This article was written by Natalka Faulkner, VP Corporate Development, Chestnut Park Real Estate Brokerage, Limited
Garry Bhaura, the Toronto Real Estate Board President, is a champion of the belief that Toronto’s real estate market is “a good investment”. He draws his conclusion from TREB’s June 2018’s housing market report which shows that home sales were up 2.4 percent, as compared to June 2017 home sales:
“Homeownership has proven to be a positive long-term investment. After some adjustment to the Fair Housing Plan, the new Office of The Superintendent of Financial Institutions (OSFI) stress test requirement and generally higher borrowing costs, home buyers are starting to move back into the market, with sales trending up from last year’s lows. Market conditions appear to be tightening, with sales accounting for a greater share of listings, as new listings have dropped compared to last year,” said Mr. Bhaura”.
The strength of public opinion, as expressed by June’s home purchases, has overpowered government efforts to cool the market. The market is strong. You can make money in this industry. But, of course, not always. If you bought a multi-million dollar detached home last year in June, for example, it may have decreased in value by 1.9% (see TREB’s June 2018 Market Report). On the other hand, if you bought a condo, you saw a whopping 7.9% increase in your investment. What’s really impressive, however, is the value increase experienced by people who bought neither a house nor a condo.
Parking – The Better Investment?
Urbanation Inc. compared 2015 parking values with 2007 parking values. The increase is impressive:
Back in 2007, the average parking spot sold for $27,500 with the priciest parking digs at Trump International — The Residences — selling for $35,000 each. Flash forward eight years and the average spot is selling for $51,376 with the priciest spot being the $69,000 paid at Massey Tower on Yonge Street.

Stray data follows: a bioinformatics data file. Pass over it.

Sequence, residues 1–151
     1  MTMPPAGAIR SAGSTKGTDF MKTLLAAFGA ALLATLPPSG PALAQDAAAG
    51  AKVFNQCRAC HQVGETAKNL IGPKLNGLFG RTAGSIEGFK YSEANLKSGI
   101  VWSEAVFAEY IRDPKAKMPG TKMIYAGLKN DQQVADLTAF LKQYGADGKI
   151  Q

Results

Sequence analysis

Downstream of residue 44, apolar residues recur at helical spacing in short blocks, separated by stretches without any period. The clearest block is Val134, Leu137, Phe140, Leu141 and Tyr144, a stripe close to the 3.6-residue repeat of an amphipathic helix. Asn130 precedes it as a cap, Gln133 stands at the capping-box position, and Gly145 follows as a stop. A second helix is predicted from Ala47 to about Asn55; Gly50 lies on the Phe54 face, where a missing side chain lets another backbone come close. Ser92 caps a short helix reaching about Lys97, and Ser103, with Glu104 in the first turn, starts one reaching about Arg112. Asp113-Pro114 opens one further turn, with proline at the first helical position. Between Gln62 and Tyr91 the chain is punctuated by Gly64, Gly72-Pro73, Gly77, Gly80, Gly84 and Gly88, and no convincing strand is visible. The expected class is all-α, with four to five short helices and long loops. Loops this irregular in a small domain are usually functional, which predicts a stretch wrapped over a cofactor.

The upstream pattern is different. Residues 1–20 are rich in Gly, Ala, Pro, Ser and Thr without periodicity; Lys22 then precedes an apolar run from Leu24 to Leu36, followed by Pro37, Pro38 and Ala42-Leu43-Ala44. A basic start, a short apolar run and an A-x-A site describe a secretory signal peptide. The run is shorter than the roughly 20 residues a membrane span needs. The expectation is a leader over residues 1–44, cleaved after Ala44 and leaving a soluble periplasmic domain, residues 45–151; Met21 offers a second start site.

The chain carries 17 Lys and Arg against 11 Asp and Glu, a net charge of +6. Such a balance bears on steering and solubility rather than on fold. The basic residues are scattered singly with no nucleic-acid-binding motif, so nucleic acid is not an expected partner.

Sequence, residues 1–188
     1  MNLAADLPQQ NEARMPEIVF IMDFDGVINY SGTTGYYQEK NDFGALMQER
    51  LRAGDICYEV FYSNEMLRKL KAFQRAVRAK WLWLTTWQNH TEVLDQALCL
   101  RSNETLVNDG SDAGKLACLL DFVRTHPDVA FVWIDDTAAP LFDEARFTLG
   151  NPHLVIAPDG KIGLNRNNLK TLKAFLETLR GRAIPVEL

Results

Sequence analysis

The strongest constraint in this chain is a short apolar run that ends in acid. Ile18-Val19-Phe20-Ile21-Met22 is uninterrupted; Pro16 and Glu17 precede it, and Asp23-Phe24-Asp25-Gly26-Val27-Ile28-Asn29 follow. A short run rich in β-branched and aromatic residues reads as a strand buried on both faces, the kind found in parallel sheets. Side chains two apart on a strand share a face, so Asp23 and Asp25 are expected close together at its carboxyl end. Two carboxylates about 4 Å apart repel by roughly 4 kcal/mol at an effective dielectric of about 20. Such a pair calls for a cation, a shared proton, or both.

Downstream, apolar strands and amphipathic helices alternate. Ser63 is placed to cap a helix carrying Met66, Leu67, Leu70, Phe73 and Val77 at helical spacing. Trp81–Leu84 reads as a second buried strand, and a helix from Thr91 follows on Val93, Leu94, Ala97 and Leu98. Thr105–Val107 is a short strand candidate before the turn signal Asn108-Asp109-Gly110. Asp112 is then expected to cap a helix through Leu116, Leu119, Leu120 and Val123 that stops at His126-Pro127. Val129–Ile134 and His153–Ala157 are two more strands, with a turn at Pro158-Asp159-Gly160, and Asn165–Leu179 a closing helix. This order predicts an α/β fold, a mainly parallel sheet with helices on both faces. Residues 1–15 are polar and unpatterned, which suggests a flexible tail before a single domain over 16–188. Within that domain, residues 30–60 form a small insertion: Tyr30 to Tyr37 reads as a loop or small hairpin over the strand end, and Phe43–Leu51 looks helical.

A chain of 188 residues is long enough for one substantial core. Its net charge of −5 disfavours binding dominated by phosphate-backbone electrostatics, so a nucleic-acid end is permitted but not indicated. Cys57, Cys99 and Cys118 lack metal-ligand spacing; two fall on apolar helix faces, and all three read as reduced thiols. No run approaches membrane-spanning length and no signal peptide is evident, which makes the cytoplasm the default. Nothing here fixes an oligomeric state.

Between 2007 and 2015, your parking lot investment increased 86.62% while your home purchase “only” increased 65.35%. If the Canadian and local real estate boards gathered this information, I have no doubt that the information would prove, at the very least, that parking values in Toronto continue to grow aggressively. In fact, in 2017, Nobu’s parking space was $80,000 and some spots now commanded over $100,000.
My “parking is a great investment (until cars are automated and the sharing industry is adopted) hunch” is based on the fact that parking in downtown Toronto is a more restricted commodity than a one-bedroom unit. This restriction is because building and land costs continue to sky-rocket, making underground parking cost prohibitive and taking a significant bite out of the developer’s bottom line. The developer’s natural solution has been to reduce supply by building fewer parking spaces per unit. This, in turn, creates a classic “supply and demand” issue, which drives up values.
As Toronto continues to cement its place as a luxury market, the price of both our homes and parking spots will continue to grow. And there’s a lot of room to grow. Take, for example, the record-setting sale of a parking spot in Hong Kong. A local couple set this record and saw a profit of 330,000 USD in just nine months. They bought the space in the Kowloon district in September 2017 for 430,000 USD and, nine months later, sold it for 765,000 USD. Given that Hong Kong saw a 600% increase in the average parking space cost, it may be wise to push for a parking space with that condo purchase as it, too, can be a sound investment.
Source: Chestnut Park Blog